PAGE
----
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The idea that the Supreme Court found the word 'woman' confusing and better replaced by 'person with a vagina' came from a piece by National Post columnist Tristin Hopper, based on a misreading of paragraph 109 of the Supreme Court decision.Sean Kilpatrick/The Canadian Press

The outrage spread quickly. Why would the Supreme Court of Canada rule that the word “woman” is confusing – and that the phrase “person with a vagina” should be used instead?

It wouldn’t, of course. It didn’t. Still the outrage spread.

The idea that the Supreme Court would issue a decision that advocates replacing the word “woman” was widely ridiculed. It is ridiculous – so ridiculous you’d think the outraged people would check to see if it happened.

Yet somehow this false notion led to a unanimously passed motion of condemnation in Quebec’s National Assembly, put forward last week by Martine Biron, the Minister Responsible for the Status of Women. Federal Conservative Deputy Leader Melissa Lantsman posted a rebuttal on X insisting there is nothing confusing about the word “woman.”

The idea that the Supreme Court found the word “woman” confusing and better replaced by “person with a vagina” came from a piece by National Post columnist Tristin Hopper, based on a misreading of paragraph 109 of the Supreme Court decision. It should be obviously incorrect to those who read the other 248 paragraphs – which incidentally used the word “woman” over and over again.

People make mistakes, of course, but this one took off. Journal de Montréal columnist Richard Martineau declared it an example of wokeism everywhere. Former Parti Québécois leader Jean-François Lisée posted that it was another reason for Quebec independence. The British newspaper, The Telegraph, quoted former Arkansas governor Mike Huckabee’s criticism.

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It was emblematic of how viral public debate works in 2024. It didn’t matter that the decision was on the Supreme Court’s website for all to read.

The reference to the phrase “a woman” being confusing wasn’t about the word “woman” being confusing. It was a reference to the fact that a statement about what “a woman” knows could be misconstrued to be a generalization about what every woman knows.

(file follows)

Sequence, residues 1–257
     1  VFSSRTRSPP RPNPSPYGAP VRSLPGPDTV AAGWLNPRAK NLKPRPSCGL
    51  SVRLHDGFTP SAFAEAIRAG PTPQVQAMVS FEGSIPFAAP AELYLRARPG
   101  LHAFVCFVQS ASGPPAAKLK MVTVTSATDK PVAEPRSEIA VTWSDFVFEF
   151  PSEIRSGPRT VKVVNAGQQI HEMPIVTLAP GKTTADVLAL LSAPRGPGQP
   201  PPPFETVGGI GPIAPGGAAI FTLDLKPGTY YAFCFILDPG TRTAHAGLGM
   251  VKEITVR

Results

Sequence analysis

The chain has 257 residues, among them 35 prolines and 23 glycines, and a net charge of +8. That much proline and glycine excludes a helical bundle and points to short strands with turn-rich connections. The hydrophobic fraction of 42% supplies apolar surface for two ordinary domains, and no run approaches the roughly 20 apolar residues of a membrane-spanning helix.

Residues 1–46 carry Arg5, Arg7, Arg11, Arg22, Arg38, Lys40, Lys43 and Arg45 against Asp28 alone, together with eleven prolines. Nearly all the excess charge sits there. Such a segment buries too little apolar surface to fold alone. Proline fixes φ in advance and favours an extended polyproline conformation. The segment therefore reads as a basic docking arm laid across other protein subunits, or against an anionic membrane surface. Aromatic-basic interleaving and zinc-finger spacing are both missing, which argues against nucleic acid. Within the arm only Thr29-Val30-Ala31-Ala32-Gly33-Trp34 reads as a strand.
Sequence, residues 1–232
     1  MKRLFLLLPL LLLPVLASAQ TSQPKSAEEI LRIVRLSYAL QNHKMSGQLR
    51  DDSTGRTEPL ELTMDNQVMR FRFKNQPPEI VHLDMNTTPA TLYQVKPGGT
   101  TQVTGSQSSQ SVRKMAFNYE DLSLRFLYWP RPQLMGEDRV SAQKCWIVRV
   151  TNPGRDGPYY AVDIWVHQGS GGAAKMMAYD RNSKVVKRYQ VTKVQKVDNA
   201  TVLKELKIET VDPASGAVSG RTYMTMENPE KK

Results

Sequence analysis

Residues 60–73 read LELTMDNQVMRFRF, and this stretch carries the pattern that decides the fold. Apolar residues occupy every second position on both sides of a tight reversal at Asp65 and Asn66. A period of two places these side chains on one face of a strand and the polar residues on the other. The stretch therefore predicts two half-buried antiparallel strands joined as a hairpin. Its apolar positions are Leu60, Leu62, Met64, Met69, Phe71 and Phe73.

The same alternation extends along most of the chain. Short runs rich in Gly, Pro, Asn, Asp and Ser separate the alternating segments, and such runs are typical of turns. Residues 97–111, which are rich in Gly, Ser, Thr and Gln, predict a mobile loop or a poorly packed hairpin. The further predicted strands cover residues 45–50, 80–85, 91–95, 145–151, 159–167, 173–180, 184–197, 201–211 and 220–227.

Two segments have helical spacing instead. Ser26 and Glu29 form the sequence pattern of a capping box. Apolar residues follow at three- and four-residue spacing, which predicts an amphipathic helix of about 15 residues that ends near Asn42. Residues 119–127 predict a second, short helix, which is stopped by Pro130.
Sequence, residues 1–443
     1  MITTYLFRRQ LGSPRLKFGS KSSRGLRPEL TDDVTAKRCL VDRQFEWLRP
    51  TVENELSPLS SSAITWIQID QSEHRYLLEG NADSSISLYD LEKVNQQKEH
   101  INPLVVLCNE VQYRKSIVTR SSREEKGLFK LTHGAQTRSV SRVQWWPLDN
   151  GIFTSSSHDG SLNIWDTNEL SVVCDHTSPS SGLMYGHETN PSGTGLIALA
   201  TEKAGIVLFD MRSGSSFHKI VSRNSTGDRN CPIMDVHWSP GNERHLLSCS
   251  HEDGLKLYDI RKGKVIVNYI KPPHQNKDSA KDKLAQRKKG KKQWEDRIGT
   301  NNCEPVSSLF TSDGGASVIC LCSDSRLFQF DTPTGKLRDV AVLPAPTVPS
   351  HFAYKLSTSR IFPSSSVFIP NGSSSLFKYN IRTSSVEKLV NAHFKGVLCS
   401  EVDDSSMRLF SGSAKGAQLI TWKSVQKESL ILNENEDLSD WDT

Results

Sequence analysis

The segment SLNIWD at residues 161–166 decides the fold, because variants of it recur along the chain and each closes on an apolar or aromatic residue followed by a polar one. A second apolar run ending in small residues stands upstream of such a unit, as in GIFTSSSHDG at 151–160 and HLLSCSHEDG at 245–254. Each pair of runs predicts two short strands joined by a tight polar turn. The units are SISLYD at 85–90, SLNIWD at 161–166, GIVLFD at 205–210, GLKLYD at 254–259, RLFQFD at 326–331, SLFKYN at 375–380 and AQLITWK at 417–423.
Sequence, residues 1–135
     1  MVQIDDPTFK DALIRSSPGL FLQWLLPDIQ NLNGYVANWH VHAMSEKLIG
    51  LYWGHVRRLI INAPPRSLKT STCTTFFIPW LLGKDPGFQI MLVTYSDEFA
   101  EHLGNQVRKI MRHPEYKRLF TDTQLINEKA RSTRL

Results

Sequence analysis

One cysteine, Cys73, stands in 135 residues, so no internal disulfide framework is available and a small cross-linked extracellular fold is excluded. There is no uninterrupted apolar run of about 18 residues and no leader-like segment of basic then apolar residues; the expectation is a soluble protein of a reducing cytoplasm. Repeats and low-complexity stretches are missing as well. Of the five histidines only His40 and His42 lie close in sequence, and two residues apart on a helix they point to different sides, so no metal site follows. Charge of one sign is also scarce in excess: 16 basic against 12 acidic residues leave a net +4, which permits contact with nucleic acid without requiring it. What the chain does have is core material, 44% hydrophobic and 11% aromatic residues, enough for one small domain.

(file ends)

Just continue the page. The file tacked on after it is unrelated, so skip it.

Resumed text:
The decision, penned by Justice Sheilah Martin, was about assumptions and generalizations made by judges in sexual-assault trials.

There is a body of law that is supposed to prevent judges from applying gendered myths and stereotypes that undermine the credibility of women complainants. Some appeals courts have broadened that to a rule that trial judges can’t make “ungrounded assumptions.” In this decision, the Supreme Court rejected that rule.

In one of two cases being reviewed by the Supreme Court, the accused had denied he had vaginally penetrated a woman. But the trial judge found the complainant’s testimony credible, believing it “extremely unlikely that a woman would be mistaken about that feeling.” The appeals court overturned the conviction, finding the judge’s statement was an ungrounded assumption.

In the Supreme Court decision, Justice Martin wrote that, while the trial judge’s use of the phrase “a woman” might make it appear the judge was making a generalization, the judge was weighing the credibility of witnesses and had to be able to be allowed to conclude that “a person with a vagina” was probably not wrong about penetration.

“Where a person with a vagina testifies credibly and with certainty that they felt penile‐vaginal penetration, a trial judge must be entitled to conclude that they are unlikely to be mistaken,” Justice Martin wrote. “While the choice of the trial judge to use the words ‘a woman’ may have been unfortunate and engendered confusion, in context, it is clear the judge was reasoning that it was extremely unlikely that the complainant would be mistaken about the feeling of penile‐vaginal penetration …”

Justice Martin herself might have written that more clearly. And anyone can say they didn’t like her choice of phrasing. But the hoopla – online, in Quebec’s National Assembly and in outlets around the world – wasn’t about that. It was about something the court didn’t say. There was a rush to dunk. There isn’t a rush to correct the record. Or admit mistakes.

The National Assembly motion introduced by Ms. Biron fumed about “terms and concepts that contribute to rendering women invisible” and urged the conservation of the word “woman.”

But when pressed this week in a Radio-Canada interview about whether she got the whole thing wrong, the minister claimed she hadn’t denounced the decision – which she now called “excellent” – but only the choice of the phrase “person with a vagina.”

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